There is good news and bad news if you conduct a radon test and discover high levels of this gas in the home you want to buy. The bad news is that radon mitigation is not covered by most homeowners insurance policies. This is because the presence of radon is not considered a sudden event or an emergency. It doesn’t suddenly occur in your home and it can be reduced simply by opening your windows and improving your ventilation.
The good is that the results of your radon test likely won’t afford your ability to get coverage. Your insurance provider might ask you to invest in a radon mitigation system, but you shouldn’t be denied specifically because of the gas. You also likely won’t have higher insurance rates just because of the radon.
You can confidently move forward with the process of buying a house with radon while knowing that you can efficiently install radon systems or hire a radon contractor to completely address the issue as soon as you move in.
How to Test a System’s Effectiveness Before You Buy a House
If you make an offer on a house with a radon system, make sure you take the necessary steps to ensure it works. Not only is this important to keep you and your family safe, but it will also contribute to the home’s value.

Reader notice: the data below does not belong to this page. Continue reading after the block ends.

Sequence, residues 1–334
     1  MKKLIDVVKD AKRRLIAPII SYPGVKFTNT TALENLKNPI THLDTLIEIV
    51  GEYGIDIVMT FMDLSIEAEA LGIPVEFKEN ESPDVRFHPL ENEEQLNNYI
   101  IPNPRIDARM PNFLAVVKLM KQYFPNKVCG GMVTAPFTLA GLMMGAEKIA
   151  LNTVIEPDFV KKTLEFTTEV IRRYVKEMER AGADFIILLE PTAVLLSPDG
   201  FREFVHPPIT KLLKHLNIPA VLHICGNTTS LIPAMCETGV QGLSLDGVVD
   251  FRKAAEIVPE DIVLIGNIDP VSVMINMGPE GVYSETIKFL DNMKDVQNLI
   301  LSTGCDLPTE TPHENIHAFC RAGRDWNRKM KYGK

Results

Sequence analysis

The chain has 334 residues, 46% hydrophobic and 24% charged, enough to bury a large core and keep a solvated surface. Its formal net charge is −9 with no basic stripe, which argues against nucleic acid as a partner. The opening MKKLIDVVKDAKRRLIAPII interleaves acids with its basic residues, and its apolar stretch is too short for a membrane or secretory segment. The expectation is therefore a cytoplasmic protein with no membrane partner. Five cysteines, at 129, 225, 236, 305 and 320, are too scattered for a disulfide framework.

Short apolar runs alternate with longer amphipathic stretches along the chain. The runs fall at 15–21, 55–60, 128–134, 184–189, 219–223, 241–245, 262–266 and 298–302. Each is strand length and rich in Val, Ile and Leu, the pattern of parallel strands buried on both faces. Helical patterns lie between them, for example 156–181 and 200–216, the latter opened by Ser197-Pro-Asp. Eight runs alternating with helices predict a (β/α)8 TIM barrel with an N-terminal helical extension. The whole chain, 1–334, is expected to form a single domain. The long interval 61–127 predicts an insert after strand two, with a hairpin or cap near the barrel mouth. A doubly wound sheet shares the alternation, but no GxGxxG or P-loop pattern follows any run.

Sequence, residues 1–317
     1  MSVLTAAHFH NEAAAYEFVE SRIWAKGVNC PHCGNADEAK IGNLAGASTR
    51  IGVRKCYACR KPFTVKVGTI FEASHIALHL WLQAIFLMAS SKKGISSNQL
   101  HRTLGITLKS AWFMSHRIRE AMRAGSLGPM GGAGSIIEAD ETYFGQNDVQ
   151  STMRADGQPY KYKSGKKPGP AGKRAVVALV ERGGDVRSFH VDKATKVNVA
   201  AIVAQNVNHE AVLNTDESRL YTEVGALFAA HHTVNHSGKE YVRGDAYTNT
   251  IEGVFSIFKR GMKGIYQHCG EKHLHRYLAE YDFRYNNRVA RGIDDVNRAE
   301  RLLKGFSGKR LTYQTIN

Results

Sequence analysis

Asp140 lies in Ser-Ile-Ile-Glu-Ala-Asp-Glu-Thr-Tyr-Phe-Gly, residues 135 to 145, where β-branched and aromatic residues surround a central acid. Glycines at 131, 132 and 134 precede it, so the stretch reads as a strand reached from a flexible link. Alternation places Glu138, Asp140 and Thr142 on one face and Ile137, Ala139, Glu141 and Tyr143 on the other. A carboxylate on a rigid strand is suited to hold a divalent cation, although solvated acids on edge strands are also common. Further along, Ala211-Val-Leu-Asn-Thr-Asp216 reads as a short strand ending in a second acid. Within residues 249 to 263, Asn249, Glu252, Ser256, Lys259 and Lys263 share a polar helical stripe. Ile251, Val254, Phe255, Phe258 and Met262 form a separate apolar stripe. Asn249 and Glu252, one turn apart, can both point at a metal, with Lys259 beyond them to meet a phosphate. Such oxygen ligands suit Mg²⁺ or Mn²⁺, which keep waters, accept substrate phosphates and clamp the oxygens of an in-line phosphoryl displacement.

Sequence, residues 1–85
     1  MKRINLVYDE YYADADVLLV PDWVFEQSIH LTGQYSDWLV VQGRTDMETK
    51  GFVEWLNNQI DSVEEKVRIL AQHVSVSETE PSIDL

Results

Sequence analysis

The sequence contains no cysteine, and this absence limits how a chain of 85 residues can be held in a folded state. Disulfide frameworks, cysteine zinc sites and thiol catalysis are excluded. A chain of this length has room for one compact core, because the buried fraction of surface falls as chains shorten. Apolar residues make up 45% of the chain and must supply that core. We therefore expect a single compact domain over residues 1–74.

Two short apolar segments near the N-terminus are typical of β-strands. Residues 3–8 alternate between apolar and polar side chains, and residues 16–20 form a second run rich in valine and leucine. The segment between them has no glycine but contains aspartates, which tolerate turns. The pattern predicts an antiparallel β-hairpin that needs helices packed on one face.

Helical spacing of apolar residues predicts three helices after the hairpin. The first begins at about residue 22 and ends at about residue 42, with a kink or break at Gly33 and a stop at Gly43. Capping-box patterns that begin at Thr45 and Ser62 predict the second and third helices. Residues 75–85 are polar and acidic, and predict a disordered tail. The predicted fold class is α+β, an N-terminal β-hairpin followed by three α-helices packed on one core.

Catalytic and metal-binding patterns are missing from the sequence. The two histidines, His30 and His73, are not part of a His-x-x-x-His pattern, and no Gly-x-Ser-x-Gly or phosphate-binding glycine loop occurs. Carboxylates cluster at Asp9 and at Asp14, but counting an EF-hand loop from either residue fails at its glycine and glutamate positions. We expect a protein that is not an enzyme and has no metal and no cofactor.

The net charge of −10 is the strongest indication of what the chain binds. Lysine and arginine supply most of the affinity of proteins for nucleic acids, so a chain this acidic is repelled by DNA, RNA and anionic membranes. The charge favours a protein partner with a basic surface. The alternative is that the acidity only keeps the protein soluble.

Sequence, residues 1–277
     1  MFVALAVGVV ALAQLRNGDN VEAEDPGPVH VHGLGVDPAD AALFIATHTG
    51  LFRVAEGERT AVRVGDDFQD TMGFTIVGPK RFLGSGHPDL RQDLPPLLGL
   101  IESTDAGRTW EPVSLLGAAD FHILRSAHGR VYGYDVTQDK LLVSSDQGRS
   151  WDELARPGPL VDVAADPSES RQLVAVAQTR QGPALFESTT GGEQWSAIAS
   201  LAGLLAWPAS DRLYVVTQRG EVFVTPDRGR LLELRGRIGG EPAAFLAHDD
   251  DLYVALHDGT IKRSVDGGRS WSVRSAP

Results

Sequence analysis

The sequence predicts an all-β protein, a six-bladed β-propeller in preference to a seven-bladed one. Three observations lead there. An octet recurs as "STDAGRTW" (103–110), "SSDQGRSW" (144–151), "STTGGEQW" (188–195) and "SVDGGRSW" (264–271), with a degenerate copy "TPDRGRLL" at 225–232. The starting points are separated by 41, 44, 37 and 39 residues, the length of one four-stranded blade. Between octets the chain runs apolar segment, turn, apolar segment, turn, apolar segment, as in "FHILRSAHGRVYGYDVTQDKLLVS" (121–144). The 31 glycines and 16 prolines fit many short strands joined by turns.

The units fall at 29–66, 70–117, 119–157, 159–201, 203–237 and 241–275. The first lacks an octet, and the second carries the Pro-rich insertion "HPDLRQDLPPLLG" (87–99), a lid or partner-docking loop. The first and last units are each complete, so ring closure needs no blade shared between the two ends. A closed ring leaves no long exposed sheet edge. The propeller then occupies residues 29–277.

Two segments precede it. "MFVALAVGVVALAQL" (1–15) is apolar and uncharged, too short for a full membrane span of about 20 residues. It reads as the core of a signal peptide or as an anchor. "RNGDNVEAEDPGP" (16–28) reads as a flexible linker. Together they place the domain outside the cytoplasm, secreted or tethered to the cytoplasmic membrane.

In the same way that you wouldn’t buy a house with a leaking roof or dated electrical system unless the seller was transparent about the issues, you don’t want to buy a broken radon mitigation system that you think is filtering the air but isn’t. Here are a few key steps to take.
Get a Radon Test
On top of requesting a home inspection and appraisal, request radon testing from an objective third party – ideally one that offers professional radon test results. You don’t want to rely on the seller using basic radon test kits because they might not give you accurate levels if they are unsafe. As to see the radon test results directly from the company that completes the analysis.
Even if the homeowner tested their property for radon before, the results could be dated. It’s not worth your family’s health to skip this step.
Obtain and Review System Documentation
As you move forward with the home purchase, request all documentation about the radon mitigation system. You will want to review everything from the owner’s manual to the maintenance history of the system. This is particularly important if you have never worked with radon mitigation systems in previous homes. You will want to learn how they work and how often they need to be serviced.
Reviewing these materials is a standard part of the home-buying process. You should also go over any smoke detectors and carbon monoxide detectors in the home to make sure they work as well.
Your seller might pass on this documentation when they leave the house, but it’s better to make sure you have it before they move. Otherwise, they might accidentally throw the papers away or move with them to their next home.